Maxim Ksuta

russian artist, contemporary art, sculpture, installation, photography

New solo exhibition – “Architectonics”, Triumph gallery

Zen Garden
Maxim Ksuta’s artistic practice is extremely diverse, operating on the iterface of various media, including painting, drawing, photography, video, installation, as well as going far in terms of thematic variety, adding intellectual, scholarly, even almost scientific elements on top of the creative. The new project remains faithful to Maxim’s knack for serialised production, which enables a contemplative and consistent, almost lablike deep dives into the techniques and effects that are of interest to the artist. The new Architectonics exhibition comprises several series by the artist.
Projects by Ksuta have repeatedly addressed the links between the particular and the abstract. In his project The Expulsion dating back to 2007, the dense calligraphy and lettering produced emergent anthropomorphic figures, whereas the 2013 photo series CY, which was inspired by the art of Cy Twombly, had pictures of natural objects that were freely combined into natural abstractions. The Horizons series of canvases, based on EEG readings of the brain, transforms the brain waves into mountainscapes, whereby the outlines of mountain peaks are gradually dissolved in the pastel-coloured atmospheric fog.
The Tectonic Painting monochrome series was inspired by the projectionists of the Method Group and here the artist explores the intricacies of interaction between richly textured painting and the viewer’s gaze as a function of lighting effects and point of view. It’s hard to tell whether the audience becomes the subject of the experiment or the artist’s co-contributor. These works by Ksuta are much closer to canvases by Pierre Soulages who is obsessed with the idea of manifesting the substance of light than, for example, the sculpture-like canvas planes of Jason Martin’s black series. Unlike Soulages, however, Ksuta’s uninterrupted brushwork generates mirages of abstracted landscapes that depict sand dunes and futuristic cities.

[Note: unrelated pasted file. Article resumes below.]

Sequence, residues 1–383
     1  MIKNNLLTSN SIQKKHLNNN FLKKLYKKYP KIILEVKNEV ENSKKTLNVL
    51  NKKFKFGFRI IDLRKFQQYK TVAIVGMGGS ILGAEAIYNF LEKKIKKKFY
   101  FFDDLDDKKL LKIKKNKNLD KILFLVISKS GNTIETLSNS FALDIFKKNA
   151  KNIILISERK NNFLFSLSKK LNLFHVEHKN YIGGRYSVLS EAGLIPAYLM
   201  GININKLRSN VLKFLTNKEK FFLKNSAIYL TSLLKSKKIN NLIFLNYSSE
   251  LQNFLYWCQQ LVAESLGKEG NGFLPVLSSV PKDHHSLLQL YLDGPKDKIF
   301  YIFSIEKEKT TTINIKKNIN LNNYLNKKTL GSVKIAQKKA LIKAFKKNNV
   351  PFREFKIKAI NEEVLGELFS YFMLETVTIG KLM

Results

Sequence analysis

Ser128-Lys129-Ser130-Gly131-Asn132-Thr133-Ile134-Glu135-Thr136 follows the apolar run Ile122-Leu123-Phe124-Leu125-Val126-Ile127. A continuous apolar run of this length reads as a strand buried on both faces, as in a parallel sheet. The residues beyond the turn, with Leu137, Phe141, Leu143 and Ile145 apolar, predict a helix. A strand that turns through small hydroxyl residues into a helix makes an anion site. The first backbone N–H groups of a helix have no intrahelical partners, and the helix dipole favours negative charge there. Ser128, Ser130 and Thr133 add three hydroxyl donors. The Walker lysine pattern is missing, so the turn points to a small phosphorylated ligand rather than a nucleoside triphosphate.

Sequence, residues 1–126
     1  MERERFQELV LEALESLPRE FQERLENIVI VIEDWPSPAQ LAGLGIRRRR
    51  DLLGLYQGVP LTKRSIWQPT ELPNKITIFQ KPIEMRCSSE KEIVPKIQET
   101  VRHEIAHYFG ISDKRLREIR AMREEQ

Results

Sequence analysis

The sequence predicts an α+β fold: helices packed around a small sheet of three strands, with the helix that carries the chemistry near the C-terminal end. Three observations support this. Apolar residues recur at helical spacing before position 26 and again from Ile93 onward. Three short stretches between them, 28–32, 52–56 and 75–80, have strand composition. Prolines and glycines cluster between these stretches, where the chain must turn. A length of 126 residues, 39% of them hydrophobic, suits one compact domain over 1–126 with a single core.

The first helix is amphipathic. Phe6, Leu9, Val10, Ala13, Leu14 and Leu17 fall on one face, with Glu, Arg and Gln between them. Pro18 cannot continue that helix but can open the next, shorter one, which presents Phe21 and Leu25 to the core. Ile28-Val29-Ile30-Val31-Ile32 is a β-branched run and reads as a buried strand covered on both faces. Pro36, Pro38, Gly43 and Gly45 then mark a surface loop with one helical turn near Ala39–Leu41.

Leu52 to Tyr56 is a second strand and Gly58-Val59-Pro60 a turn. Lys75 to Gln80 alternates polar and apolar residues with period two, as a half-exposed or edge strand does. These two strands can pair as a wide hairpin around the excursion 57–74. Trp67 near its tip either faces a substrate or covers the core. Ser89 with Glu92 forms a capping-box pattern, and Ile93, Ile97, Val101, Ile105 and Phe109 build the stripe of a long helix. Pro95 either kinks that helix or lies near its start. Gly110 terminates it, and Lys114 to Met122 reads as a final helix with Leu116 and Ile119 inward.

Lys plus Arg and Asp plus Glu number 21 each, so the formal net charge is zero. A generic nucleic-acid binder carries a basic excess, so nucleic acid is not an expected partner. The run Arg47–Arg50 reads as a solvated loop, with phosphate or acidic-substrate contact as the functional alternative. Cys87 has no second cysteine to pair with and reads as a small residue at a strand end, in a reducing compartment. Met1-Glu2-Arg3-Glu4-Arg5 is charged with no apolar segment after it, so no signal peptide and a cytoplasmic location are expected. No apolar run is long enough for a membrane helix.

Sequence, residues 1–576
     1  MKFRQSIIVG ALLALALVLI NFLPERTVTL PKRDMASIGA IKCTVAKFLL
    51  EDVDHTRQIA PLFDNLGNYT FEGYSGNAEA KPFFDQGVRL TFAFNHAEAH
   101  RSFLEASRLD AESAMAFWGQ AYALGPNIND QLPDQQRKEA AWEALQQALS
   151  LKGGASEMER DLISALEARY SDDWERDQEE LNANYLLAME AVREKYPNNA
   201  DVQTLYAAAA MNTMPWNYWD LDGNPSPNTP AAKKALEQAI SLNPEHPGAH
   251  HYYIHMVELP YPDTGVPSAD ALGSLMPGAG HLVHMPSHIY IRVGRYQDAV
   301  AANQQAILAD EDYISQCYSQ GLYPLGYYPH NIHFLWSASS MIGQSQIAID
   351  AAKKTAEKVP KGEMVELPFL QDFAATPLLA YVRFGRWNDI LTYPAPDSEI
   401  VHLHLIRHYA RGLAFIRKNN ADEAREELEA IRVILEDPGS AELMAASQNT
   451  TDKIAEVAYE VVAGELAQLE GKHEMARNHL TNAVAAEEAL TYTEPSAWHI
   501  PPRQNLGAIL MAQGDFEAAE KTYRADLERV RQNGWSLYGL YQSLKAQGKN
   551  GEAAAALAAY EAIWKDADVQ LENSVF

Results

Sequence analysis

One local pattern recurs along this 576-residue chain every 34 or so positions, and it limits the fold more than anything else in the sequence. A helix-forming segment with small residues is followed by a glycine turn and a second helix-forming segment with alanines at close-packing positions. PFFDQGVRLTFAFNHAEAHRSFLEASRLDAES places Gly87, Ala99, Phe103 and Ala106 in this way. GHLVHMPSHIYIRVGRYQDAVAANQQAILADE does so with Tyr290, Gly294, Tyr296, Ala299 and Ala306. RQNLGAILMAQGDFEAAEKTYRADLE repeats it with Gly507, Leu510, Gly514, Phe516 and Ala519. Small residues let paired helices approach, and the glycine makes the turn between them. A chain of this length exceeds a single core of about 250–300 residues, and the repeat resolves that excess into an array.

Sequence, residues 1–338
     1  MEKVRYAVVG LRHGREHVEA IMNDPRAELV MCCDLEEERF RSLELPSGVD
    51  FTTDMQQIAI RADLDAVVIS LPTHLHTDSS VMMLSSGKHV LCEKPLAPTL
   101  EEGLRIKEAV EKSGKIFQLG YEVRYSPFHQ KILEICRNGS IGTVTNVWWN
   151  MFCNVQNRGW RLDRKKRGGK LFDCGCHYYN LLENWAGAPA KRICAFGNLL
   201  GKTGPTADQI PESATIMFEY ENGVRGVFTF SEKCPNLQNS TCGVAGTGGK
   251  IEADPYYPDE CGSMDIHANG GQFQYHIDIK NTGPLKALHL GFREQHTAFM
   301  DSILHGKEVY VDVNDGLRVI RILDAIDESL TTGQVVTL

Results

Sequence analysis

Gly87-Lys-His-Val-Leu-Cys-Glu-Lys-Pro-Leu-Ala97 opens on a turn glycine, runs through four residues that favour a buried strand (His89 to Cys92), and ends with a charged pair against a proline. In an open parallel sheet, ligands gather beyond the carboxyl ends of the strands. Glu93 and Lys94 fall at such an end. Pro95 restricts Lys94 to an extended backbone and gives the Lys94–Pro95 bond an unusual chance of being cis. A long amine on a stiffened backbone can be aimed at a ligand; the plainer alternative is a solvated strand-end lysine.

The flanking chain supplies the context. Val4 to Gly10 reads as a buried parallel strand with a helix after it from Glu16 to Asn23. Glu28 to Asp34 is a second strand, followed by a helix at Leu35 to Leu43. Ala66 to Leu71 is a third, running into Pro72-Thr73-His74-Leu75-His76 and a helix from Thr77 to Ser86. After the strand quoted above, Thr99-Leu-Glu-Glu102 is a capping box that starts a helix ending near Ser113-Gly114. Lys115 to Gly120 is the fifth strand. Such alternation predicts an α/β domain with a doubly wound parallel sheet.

The Shards of Memory series of objects features small, tabletop sculptures that emanate proper traits of monumental and even grand pieces. Carved in different stone varieties, these are almost like uncovered ancient artefacts, partially submersed in sand and partially washed out by time. It is hard to discern at first glance whether one is looking at some miniature mock-ups of sacred buildings or, similarly to Carroll’s Alice in Wonderland, has grown to immeasurable proportions after having taken the potion. This exhibition by Maxim Ksuta virtually places us into a Japanese Zen Garden, intended for meditation and connection with nature. As one’s eye glide over the wavy black surfaces of the Tectonic Series or examine the coarse surfaces of the miniature Shards, it is there, at the epicentre of an endless whirlpool of urban energies, where one actually feels the time freeze in the still crispy air, while the body is infused with calm and content. The magic in Maxim Ksuta’s work provides the viewer with a remarkable experience of an aware, evenly paced, lived moment in all its fullness, purity, and uniqueness.
Polina Mogilina

Tectonic painting
My current practice focuses on paintings that interact actively with the ambient lighting due to their execution: monochrome (soot black) and textured uninterrupted brushwork. The brushwork structure is such that the painting plane interferes with and diffracts the light. This produces a visual effect of a fluid flow whenever the viewing angle is altered. Grouped ogether, these works are dedicated to the Method Group, an early-20th century members of the rojectionism movement.
‘The theme should be given such autistic expression and such mode of presentation that the viewer, when he perceives it, not only receives new knowledge of the system of modernity, but also undergoes new biomorphic processes, develops new mental systems, new systems for perception of the world’, the projectionists claimed. The idea that this completely different functional purpose for a painting is possible
inspired me to make the Tectonic Series.

Muqarnas
As I continued to explore pseudoperiodic mosaics and fractals, I investigated aperiodic ornaments, the kind that do not form a repeated pattern on the wall. Then, the variations of scale came into play: massive ornaments can be seen at a distance whereas finer patterns, the comprising parts of the larger ones, can only be seen up close. In order to build each element, I was guided in the application and orientation of my brushwork based on Penrose tiling. The resulting structure appears threedimensional and changes dynamically depending on the angle of viewing. It is also not unlike the reference I used — muqarnas, a common element in traditional Arabic and Persian architecture.

Horizons